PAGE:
January 16, 2018

2017, W(w)e Hard[L]y [K]New(jpw) Ye(hi, Fred)

Ummmm get it?  I think my zeal for wordplay has been outpaced by my ineptitude at... wordplay.

So, it's two weeks into January, and every wrestling pundit on the net besides us posted their year-end thoughts at least a month ago.  I think I wrote one in October once.  But how mature, how self-possessed we must be to allow ourselves some breathing room to really savor and dwell on the entirety of the past 12 months, to really challenge ourselves to take in a broad scope of understanding, meditate on it, and then pick apart some nuance and delve into the finer details during this time of reflection.  Or, maybe I've just been procrastinating writing this, which feels more obligatory than imperative.

That's not to say there hasn't been plenty to be excited about this year, it's just that most of it has already been lauded to the point of exhaustion, with the 5 stars, 6 stars, 7 stars, etcetera.  Let this post serve not to beat a dead horse, but to serve posterity as being the shiniest beacon of pure, wholesome, horribly marky and beautifully jaded pro-wresting fan drivel in the blogosphere: Quarter Marshall's Annual Opinion-o-thon!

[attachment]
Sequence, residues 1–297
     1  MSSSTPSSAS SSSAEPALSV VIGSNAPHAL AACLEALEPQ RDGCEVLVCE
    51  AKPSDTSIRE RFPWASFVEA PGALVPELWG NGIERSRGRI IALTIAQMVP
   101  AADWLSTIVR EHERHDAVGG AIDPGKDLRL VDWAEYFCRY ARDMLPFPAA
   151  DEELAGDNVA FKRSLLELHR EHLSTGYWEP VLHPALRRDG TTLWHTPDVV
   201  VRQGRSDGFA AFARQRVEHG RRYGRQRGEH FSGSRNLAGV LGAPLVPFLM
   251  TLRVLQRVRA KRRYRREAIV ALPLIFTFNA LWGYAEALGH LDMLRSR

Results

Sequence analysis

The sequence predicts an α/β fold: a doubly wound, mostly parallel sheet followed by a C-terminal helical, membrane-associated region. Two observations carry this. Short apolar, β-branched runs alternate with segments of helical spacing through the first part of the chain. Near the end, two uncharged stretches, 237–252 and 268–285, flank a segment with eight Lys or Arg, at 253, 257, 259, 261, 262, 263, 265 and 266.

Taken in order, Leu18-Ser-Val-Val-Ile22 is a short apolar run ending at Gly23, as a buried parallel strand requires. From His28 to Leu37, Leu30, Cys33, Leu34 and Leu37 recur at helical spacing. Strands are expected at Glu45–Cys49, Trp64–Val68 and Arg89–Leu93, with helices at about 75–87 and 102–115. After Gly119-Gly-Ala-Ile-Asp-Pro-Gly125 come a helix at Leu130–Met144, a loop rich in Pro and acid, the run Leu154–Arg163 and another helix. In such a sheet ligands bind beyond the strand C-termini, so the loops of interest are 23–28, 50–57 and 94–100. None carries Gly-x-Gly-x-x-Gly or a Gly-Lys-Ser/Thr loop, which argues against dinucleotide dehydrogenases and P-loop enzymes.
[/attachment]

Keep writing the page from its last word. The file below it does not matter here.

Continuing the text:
Match of the Year: Of course it's going to be an Okada match.  His run with the IWGP Heavyweight Championship (which predates 2017, and continues to present) is on everybody's short-list of 2017 highlights, and I'm toward the front of the mark parade, waving the Rainmaker flag right next to Gedo.  Okada's my favorite wrestler working today, there's no doubt about it.  I mean, I think there are some other performers who have Okada's storytelling ability (AJ, Tanahashi, and Asuka might top that list), but being top player in New Japan means you have the best spot to tell great in-ring stories, and Okada's been knocking it out of the park with what's regularly being called the best title run in wrestling history.  The most talked-about of his matches (at least in the Western hemisphere) were the trilogy against Kenny Omega, an amazing series which will go down in history.  Other title defenses this year included Minoru Suzuki, Bad Luck Fale, Evil , and Cody, bookended by 2016 and 2018 classics with Naito.  (Also, let the record show there was a great defense against Naomichi Marufuji in late 2016.)  My personal pick, a sentimental selection for favorite match of 2017, was his defense against Katsuyori Shibata.  Likely his last match due to head injury sustained therein, Shibata's performance felt like the epitome of a swansong- a phrase referring to an ancient belief that a swan would let out a beautiful call before its death, after having been silent for most of its life.  The match told a beautiful story, with the crowd playing an integral part, as they loudly shifted favorites as the energies of the wrestlers waxed and waned.  By the final stretch, with Shibata embodying the fighting spirit, and Okada selling his ass off but seemingly unbeatable, the crowd was firmly in Shibata's corner, but after the three count, and Okada's arm was raised, they were still totally into it.  It was just an epic story Shibata and Okada told in the ring, one of the only matches I've re-watched this year, and I think the only match I've watched three times.  I believe that it would be my top match even if Shibata hadn't been retired by it, but I have to admit that aspect makes it a sentimental favorite on top of it already being being a pure storytelling/great pro-wrestling classic.